PhD student Andrew Graham has been working on the project for two years and said that robotic surgery could revolutionise the way operations are performed. "When a bone is fractured, correct alignment is essential to allow it to heal in the best anatomical position", Andrew Graham stated. "This research has the potential to significantly increase the success and accuracy of fracture realignments, reducing the need for conventional surgery and patient recovery times. The technology I'm developing is new so it also has a global market and presents an opportunity to diversify the New Zealand economy."
Andrew Graham explained that orthopaedics is ideally suited to robotic surgery because bones are more rigid than other parts of the human body and behave predictably. FleP works by precisely manipulating a broken bone back into place after a computer programme assesses the injury using complex medical algorithms. A surgeon oversees the whole procedure from behind a computer and issues commands through an interface or by voice.
This could solve problems associated with existing bone realignment procedures, where a surgeon uses an x-ray and traction machine to manually pull bones back into place. Andrew Graham noted that this procedure requires a high level of skill and concentration. Correct alignment is often difficult to achieve, resulting in further surgery and visits to hospital. Both patient and surgeon are also exposed to prolonged radiation.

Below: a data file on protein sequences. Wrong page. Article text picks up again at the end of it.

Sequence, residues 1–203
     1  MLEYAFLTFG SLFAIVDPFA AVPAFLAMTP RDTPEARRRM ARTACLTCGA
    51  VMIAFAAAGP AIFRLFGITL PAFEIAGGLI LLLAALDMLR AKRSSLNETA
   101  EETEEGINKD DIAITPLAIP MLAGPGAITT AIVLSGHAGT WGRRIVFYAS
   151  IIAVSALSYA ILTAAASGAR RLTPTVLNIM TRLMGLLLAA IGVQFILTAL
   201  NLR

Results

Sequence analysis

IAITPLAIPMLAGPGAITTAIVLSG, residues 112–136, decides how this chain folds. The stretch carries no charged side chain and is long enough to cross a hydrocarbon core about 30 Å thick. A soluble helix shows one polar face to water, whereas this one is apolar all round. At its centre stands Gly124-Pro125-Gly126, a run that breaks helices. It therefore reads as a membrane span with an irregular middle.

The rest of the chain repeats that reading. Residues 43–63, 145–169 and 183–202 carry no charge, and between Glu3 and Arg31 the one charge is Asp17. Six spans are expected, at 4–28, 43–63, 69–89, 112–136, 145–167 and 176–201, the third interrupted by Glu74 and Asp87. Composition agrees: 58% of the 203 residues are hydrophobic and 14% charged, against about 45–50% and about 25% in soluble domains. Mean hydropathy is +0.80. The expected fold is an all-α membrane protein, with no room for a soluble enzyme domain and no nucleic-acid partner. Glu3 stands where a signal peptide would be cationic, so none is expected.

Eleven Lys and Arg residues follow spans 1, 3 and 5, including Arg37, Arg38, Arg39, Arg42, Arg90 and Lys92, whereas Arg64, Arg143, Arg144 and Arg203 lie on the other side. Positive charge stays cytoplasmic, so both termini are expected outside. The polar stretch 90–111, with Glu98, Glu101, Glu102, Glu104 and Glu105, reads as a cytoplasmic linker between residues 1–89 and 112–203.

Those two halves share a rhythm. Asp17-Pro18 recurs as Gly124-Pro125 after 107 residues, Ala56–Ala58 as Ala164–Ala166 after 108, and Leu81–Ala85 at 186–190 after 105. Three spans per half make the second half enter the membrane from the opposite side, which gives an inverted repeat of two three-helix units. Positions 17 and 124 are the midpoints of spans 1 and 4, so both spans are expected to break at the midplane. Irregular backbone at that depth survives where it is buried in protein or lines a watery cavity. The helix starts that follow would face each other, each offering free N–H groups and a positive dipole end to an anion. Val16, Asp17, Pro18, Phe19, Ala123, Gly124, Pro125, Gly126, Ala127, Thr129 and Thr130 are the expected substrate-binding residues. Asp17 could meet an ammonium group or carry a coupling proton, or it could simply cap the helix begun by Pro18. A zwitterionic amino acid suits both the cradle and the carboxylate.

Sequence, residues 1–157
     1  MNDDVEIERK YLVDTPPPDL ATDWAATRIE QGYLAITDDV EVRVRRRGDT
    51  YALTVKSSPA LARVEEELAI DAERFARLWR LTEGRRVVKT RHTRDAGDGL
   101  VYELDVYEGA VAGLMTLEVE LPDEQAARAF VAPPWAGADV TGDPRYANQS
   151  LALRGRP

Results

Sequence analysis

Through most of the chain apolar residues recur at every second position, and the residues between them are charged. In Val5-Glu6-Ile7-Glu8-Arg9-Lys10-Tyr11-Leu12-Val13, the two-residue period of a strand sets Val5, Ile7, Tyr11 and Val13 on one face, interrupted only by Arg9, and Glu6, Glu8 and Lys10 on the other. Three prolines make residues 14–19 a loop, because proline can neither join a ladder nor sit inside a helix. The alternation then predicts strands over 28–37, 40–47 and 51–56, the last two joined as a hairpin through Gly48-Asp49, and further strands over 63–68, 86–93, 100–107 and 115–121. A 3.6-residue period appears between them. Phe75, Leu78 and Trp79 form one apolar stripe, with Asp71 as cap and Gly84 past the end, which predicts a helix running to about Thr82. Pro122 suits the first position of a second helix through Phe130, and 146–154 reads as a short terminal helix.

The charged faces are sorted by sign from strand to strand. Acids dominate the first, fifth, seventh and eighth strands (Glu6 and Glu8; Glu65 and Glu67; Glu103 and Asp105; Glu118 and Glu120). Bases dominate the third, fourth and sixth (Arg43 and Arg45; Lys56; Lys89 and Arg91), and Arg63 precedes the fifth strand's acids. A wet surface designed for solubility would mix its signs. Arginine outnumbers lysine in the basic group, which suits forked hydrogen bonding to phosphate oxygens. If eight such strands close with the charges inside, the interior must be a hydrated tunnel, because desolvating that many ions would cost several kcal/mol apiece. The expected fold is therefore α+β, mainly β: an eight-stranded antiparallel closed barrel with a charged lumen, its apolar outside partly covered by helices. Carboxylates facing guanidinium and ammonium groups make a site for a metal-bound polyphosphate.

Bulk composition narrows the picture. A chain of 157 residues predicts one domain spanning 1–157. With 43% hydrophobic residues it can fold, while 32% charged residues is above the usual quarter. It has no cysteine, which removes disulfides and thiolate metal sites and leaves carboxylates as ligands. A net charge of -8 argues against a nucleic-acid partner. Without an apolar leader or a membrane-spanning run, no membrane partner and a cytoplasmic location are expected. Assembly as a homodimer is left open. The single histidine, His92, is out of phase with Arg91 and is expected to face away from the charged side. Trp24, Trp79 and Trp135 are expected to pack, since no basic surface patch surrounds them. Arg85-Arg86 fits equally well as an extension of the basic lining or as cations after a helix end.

The success of bone realignment surgery is variable and depends on the expertise of the operating surgeon. FleP would provide the means to digitally record surgery outcomes and provide analysis to further develop the field.
"Robotic surgery is still in its infancy, and we are only beginning to realise its future role", Andrew Graham stated. "Taking FleP from prototype stage to use in a clinical setting is a huge undertaking requiring a lot more time and investment."
Andrew Graham has been working in collaboration with a larger research group at the University, local hospitals and Massey University. The project has received funding from the Research Foundation, the Wishbone Trust and the University of Auckland.